Much of what has been mentioned on our blog circles around the Real Estate markets vast improvements over the first quarter of 2012. If we look at Massachusetts as a whole and take a step back from the focused Real Estate market, it is understood that one of the central reasons for such a strong performance of late is largely because of the local economys position as a whole.
Due to Bostons growing technology sector that has frequently been mentioned, as well as our business spending, it was found that the Massachusetts economy has more than doubled that of the greater United States economy in terms of growth. Consumer spending as well as consumer confidence have risen as the local unemployment rate fell from a previous 6.9% in December of 2011 to 6.5% in March of 2012. It must be noted that for the whole country, the unemployment rate for March was much higher at 8.2%. Sales in the Massachusetts high-tech sector have also been on the rise, with a boost in global semiconductor sales which proves even further the accelerating technological side of the economy.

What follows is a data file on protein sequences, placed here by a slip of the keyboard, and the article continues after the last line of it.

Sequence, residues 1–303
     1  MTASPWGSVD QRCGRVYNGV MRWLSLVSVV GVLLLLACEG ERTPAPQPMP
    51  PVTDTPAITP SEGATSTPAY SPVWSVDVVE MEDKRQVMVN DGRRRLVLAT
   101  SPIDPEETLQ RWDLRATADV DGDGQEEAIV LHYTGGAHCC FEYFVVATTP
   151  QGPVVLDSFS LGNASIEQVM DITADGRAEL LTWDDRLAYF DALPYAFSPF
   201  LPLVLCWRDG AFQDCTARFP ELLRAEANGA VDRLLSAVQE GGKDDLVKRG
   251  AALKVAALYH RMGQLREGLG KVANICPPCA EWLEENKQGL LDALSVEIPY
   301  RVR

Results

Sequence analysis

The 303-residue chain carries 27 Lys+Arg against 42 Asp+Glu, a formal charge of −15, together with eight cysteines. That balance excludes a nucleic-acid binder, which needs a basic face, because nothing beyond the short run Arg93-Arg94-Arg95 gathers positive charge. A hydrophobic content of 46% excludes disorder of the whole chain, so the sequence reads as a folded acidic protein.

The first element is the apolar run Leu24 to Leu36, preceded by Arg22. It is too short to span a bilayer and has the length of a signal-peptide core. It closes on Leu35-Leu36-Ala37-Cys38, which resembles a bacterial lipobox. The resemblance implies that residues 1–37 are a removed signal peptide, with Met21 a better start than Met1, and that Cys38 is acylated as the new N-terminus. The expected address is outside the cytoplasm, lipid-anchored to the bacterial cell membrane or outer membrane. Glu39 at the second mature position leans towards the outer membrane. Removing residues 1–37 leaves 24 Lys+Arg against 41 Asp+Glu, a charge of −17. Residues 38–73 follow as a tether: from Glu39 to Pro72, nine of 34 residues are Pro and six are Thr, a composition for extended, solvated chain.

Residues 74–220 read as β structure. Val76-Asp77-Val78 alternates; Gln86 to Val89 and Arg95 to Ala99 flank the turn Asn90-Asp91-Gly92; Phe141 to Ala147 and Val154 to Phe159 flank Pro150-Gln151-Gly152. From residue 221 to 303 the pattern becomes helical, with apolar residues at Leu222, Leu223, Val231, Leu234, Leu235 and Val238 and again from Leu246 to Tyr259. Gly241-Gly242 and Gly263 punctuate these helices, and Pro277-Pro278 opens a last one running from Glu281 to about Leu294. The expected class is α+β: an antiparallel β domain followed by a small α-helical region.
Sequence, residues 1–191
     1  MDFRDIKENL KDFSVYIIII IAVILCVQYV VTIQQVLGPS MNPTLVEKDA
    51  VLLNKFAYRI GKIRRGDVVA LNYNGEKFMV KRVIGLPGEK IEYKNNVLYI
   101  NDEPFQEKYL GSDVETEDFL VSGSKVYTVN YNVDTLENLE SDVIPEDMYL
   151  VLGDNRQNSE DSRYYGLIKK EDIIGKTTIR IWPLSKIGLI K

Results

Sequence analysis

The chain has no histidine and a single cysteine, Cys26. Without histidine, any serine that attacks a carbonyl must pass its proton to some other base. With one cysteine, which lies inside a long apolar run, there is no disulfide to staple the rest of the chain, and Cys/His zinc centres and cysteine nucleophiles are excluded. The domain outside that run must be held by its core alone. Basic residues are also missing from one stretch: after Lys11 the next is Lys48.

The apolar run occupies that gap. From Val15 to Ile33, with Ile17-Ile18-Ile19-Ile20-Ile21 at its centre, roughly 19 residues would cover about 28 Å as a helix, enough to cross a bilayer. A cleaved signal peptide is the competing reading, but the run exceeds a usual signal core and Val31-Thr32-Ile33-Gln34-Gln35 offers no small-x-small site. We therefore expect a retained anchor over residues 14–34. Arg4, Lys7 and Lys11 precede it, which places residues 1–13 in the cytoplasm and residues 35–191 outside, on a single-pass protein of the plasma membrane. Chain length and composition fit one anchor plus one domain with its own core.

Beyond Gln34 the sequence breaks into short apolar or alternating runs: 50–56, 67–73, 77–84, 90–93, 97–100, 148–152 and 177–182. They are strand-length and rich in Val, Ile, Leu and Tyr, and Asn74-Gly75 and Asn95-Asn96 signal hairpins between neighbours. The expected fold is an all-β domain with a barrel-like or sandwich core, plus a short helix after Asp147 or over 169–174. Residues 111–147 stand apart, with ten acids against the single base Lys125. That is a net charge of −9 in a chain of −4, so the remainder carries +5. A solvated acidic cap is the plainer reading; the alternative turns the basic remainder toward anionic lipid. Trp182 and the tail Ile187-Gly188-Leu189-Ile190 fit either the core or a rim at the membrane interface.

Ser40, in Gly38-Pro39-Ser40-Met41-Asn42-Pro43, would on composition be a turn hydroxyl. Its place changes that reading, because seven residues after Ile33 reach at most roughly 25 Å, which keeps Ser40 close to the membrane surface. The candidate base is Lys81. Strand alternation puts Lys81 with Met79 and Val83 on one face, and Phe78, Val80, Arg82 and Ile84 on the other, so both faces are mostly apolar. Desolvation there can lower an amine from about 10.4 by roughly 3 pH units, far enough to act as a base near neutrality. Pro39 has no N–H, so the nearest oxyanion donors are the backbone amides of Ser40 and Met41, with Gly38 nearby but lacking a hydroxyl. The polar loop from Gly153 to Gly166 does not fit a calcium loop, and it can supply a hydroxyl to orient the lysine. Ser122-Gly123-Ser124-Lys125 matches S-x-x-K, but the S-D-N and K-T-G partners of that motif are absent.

So how much did the economy truly outperform that of the greater Nations? The US Commerce Department reported that the State of Massachusetts economy grew a lofty 4.5% in 2012s first quarter which was up from their growth of 2.9% that the last quarter of 2011 experienced. For the United States, their economy improved by just 2.2% in the first quarter for 2012 which was actually down from their growth in the fourth quarter of 2011, being 3%.
As Massachusetts continues to be a leading example for recovery with regards to the economy, the State has also done so in terms of reviving the housing market. As the employment situation follows its positive trend, household income will begin to climb again. This ultimately will lead to more spending in not just Real Estate, but in all of our markets. It is this circulation of capital amongst all local industries that will be the recipe for a lucrative future for The Greater Boston Area, one dedicated to prosperous and prolonged growth.
More Information: Boston.com